Michelob Pale Ale 5.2% 166 14.0 2.1
Michelob Honey Lager 4.9% 175 18.4 1.9
Michelob Black & Tan 5.1% 179 17.8 2.2
Red Wolf 5.4% 155 11.4 1.4
O'Doul's .40% 70 15 0.7
O'Doul's Amber .40% 90 18 1.9
Busch NA 0.4% 60 12.9 0.6
Busch 4.6% 13310.0 1.0
Busch Light 4.2% 110 6.7 0.8
Busch Ice 5.8% 170 11.8 1.3
Natural Light 4.2% 110 6.6 0.8
Natural Ice 5.9% 156 9.6 1.1
King Cobra 5.9% 182 15.7 1.3
Hurricane 5.9% 160 10.1 1.5
Tequiza 4.5% 127 8.7 1.0
ZiegenBock 5.0% 154 14.4 1.5
Doc Otis 5.0% 247 37 .6
Have you really tried exploring the world of beer? If you like Bud Dry it seems that you like very light and crisp tasting lagers and pilsners. (Ugh! In my opinion, but that's just me. Everyone has different tastes. I like very malty and full bodied hand-crafted ales such as Aventinus and Chimay or a barleywine like Foghorn)
I used to be a Bud man many years ago and made a determined effort to really try different types. (An extended trip to Britain at 21 really changed my mind as I got to try real ale.)Once I had experienced the full range of beer styles my tastes changed over the years.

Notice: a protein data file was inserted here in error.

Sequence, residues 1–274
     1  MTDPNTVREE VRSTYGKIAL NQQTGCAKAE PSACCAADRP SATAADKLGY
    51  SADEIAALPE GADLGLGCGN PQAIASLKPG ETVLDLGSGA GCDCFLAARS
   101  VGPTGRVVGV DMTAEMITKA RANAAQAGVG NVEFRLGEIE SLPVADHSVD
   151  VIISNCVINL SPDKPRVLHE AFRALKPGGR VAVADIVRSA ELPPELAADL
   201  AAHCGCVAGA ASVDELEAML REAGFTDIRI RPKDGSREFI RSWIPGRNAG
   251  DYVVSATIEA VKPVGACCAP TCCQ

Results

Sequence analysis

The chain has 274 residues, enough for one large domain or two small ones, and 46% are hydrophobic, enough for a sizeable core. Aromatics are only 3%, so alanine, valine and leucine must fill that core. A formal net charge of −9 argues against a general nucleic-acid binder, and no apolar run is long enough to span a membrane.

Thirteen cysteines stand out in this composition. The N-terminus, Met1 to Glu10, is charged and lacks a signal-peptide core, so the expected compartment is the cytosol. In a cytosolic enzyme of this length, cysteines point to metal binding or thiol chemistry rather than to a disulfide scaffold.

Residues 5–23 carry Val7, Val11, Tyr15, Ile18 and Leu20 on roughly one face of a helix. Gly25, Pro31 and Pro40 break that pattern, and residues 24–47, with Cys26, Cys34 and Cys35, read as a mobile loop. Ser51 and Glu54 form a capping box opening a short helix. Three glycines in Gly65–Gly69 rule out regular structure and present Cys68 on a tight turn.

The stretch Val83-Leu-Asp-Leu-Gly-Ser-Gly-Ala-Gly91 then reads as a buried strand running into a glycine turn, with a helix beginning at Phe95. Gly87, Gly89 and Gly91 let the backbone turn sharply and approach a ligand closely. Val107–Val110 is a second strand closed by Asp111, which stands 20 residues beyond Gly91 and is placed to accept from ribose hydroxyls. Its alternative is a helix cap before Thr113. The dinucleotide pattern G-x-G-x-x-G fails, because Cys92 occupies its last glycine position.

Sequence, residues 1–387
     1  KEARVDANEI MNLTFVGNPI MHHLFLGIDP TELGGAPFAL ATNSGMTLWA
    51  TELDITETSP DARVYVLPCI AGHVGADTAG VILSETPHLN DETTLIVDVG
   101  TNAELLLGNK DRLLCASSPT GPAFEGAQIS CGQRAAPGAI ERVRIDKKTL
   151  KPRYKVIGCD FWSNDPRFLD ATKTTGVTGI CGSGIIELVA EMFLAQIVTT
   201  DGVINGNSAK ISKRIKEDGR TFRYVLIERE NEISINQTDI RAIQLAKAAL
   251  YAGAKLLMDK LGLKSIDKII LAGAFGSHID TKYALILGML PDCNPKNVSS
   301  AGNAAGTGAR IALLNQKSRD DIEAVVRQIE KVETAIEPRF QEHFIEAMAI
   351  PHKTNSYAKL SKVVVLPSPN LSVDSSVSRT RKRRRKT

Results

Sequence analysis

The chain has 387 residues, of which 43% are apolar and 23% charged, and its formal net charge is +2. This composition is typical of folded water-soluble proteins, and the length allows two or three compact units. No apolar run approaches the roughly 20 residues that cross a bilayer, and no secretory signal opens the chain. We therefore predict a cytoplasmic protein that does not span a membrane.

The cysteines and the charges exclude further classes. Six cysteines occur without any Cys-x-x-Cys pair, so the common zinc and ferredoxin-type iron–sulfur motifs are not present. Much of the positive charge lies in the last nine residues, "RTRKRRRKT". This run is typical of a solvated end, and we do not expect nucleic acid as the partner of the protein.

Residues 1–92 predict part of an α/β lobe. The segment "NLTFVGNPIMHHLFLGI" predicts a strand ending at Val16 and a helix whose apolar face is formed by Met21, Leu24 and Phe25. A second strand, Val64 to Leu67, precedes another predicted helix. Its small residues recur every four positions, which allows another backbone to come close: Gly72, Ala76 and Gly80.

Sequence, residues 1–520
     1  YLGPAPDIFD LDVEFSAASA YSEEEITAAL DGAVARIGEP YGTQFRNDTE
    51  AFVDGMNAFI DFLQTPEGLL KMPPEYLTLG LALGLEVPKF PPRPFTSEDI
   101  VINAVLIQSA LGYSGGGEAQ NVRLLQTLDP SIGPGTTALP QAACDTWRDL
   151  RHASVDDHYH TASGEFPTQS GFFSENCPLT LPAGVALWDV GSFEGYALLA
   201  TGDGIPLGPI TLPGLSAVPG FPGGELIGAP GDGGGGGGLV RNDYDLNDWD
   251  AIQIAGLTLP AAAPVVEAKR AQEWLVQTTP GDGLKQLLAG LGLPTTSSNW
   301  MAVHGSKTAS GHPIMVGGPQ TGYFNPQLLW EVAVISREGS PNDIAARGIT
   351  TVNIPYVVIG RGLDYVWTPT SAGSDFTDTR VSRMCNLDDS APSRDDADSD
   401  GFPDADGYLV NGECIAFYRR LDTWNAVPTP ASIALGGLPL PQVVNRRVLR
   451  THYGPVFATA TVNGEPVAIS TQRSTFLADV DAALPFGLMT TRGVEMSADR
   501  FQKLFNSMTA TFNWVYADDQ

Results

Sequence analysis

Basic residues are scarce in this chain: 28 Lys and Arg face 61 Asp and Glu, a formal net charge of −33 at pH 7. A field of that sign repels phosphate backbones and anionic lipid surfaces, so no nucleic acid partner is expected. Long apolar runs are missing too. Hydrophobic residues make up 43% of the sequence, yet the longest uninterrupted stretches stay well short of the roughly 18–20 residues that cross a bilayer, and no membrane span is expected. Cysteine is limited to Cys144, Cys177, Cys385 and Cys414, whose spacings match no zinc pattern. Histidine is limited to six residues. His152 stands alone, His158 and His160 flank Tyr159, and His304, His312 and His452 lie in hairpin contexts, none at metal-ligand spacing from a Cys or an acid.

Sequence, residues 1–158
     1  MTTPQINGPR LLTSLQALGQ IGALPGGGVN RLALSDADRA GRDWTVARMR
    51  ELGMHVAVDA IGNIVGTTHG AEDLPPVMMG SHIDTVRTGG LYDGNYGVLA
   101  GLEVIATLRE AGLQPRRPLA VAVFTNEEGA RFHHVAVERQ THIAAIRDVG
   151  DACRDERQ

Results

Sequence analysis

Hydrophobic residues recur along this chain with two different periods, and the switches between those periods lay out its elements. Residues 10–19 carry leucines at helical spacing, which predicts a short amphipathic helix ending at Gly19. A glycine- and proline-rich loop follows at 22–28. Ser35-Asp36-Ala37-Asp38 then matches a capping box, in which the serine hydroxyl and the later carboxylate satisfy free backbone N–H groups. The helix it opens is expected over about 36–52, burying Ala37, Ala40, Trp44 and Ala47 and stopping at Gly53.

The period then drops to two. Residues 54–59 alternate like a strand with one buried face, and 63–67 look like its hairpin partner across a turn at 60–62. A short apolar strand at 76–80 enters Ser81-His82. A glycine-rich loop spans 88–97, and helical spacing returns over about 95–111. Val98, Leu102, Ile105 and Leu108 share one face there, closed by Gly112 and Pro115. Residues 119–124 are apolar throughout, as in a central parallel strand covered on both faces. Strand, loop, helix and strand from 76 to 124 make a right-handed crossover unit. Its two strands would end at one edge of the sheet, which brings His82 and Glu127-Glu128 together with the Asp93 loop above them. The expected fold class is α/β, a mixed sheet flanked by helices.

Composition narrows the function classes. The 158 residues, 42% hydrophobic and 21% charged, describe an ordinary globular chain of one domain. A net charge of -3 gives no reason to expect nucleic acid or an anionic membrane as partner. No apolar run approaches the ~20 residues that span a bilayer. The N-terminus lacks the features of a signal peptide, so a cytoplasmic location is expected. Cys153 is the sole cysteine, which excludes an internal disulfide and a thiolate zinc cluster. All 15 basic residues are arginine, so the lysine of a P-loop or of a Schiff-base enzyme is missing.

There are so many fantastic beers of the pilsner type available that you can spend a long time trying them all. (A fun experience in and of itself)
The one problem is that you have to make sure they are absolutely the freshest bottles possible, or buy it draught in a pub that has high volume sales, because they get "lightsruck" very easily. (A skunky, off, flavor that develops as an enzyme reaction when beer in clear or green bottles is exposed to bright sunlight for as little as 30 seconds. I don't understand why all beer isn't in brown bottles.)
Some beers you may like are Pilsner Urquel and other fine European Pilsners, Asahi Dry (the original "dry" style beer)and other Japanese beers (including the Japanese Black lagers which while dark colored are very light and crisp, I think either Asahi and/or Sapporo make them. There are also some fine hand-crafted lagers and pilsners made in this country such as Rogue, Anchor, etc. Try going to a good beer distributor and ask the management, they may have some suggestions.
Good luck and if you accept, have fun on your venture into the world of real beer. I did, so much so that I ended up working for an award winning brew pub in Seattle at one time and then got into the hobby of home brewing and competing.